- Elected as Democratic National Committeewoman from California
- Elected to the House of Representatives in 1944, becoming only one of nine women to serve in the House at that time.
Helen Gahagan Douglas was born in 1900 and was raised in a well-to-do family in Brooklyn, New York. She was not a serious student but loved acting, and by the age of 22 she had been cast in a lead role on Broadway. She never returned to Barnard College where she had been a student.
Douglas began focusing seriously on singing opera; she went to Europe for several years where she could appear with opera companies and deepen her study. In 1930 her father became very ill, and she returned to New York to be near her family. She also returned to Broadway where she was cast in a play opposite Melvyn Douglas (the stage name for Melvyn Hesselberg); several months later they were married.
The couple took two trips that profoundly affected Helen. In 1937 Helen returned to Europe for a concert tour but Melvyn was not invited to parties held for her because of anti-Semitism. (Melvyn’s father was Jewish and his mother was Protestant.) Helen canceled her commitment for the following year and did not return because of the anti-Semitism.
Bound for California
Melvyn and Helen wanted to explore movie careers so they drove across the country to settle in Los Angeles. Along the way they witnessed the plight of migrant workers. The collapse of the economy in 1929 followed by the drought of the ‘30s meant there was no type of work for these people. Helen was very upset about what she observed and began to take an interest in politics.
Once in Los Angeles, Melvyn pursued a film career, and while Helen appeared in one science fiction movie, she soon turned to political causes. In 1939 and 1940 she became a member of the national advisory committee of the Works Progress Administration and served on the State committee of the National Youth Administration. She traveled frequently to the White House to meet with Eleanor Roosevelt, and they became good friends.
In 1940, she became California Democratic national committeewoman—a post she held until 1944 when she ran for Congress and was elected as the representative of California’s Fourteenth District in the U.S. House of Representatives. She was one of nine women in the House at that time. She was successfully reelected to this position in 1946 and 1948 and used her star power and comfort at speaking before large crowds to advocate for labor rights, food subsidies, unemployment insurance for returning GIs, a revitalized farm security program, and income-based taxation for farmers and small business owners.
When asked about a woman’s place in Congress, Douglas replied, “Politics is a job that needs doing—by anyone who is interested enough to train for it and work at it. It’s like housekeeping; someone has to do it. Whether the job is done by men or women is not important—only whether the job is done well or badly.”
During a period when the Jim Crow laws still applied in the nation’s capital, Helen Douglas used her outsider status to challenge prevailing racial attitudes. The first white Representative with African-Americans on her staff, she also sought to desegregate Capitol restaurants. Douglas also attacked the practice of poll taxes, which effectively prevented many southern African Americans from voting, and she urged passage of anti-lynching legislation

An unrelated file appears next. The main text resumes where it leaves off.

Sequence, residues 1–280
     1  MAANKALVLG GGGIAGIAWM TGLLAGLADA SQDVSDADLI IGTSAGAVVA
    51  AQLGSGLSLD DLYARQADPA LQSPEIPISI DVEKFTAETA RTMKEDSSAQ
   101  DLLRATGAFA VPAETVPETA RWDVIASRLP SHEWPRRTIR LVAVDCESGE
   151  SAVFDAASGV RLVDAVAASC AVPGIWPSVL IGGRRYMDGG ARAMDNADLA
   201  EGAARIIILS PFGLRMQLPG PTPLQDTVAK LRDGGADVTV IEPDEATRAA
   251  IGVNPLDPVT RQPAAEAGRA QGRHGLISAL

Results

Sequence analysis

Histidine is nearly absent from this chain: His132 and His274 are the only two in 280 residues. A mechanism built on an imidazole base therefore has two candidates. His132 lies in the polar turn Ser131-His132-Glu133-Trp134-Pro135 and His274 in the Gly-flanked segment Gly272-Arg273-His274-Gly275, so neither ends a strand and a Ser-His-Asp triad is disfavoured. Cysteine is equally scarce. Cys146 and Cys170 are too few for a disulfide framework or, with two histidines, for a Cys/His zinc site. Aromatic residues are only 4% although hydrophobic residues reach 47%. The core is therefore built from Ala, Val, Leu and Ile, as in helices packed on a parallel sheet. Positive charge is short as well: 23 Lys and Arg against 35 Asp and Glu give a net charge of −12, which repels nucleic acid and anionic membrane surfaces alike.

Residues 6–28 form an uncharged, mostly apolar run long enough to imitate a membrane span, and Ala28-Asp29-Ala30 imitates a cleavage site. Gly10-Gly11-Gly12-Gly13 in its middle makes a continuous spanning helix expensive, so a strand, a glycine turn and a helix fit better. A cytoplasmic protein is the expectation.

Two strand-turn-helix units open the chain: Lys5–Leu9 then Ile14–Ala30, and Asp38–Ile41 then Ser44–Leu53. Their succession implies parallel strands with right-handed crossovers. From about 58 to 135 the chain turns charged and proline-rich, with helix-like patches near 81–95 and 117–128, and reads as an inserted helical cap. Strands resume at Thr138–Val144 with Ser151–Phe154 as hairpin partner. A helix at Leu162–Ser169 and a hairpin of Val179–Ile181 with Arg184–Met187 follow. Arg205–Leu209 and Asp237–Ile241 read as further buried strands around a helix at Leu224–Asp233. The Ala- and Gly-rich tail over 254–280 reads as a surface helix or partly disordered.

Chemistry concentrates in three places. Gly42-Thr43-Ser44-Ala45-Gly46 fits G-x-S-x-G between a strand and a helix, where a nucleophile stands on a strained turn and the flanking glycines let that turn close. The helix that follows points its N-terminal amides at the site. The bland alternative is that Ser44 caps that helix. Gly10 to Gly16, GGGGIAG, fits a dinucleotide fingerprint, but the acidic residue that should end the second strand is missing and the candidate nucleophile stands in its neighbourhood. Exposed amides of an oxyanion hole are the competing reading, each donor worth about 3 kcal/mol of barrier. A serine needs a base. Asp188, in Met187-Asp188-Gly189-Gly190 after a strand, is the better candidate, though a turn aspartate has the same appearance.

She and Melvyn remained married but they lived separate lives for a time, and during her time in Washington, D.C. she had a relatively well-known love affair with Lyndon B. Johnson.
Ran for Senate
In 1950, she opposed Richard M. Nixon in the general election for the U.S. Senate, and it became quite a nasty campaign on both sides. Nixon accused Douglas of Communist leanings because of her liberal record and her opposition to Senator Joseph McCarthy’s House Un-American Activities Committee. Nixon’s term for her was the “Pink Lady.” He also made vaguely anti-Semitic comments referring to her as Mrs. Hesselberg (Melvyn Douglas’ real last name).
Douglas referred to Nixon as “Tricky Dick,” a term that his enemies continued to use against him for the rest of his time in political office. However, Nixon easily won the election.
Douglas had hoped for a political appointment in the Truman administration but the campaign had been too damaging, and no politician could risk association with her during the years that HUAC was active. Though Douglas never entered the political fray again, she remained a tireless public speaker and activist.
She later returned to the theater and performed in two Broadway plays and authored a book about her friendship with Eleanor Roosevelt.
After her death from cancer in June of 1980, Senator Alan Cranston of California eulogized her on the floor of the Senate, saying “I believe Helen Gahagan Douglas was one of the grandest, most eloquent, deepest thinking people we have had in American politics. She stands among the best of our 20th century leaders, rivaling even Eleanor Roosevelt in stature, compassion, and simple greatness.”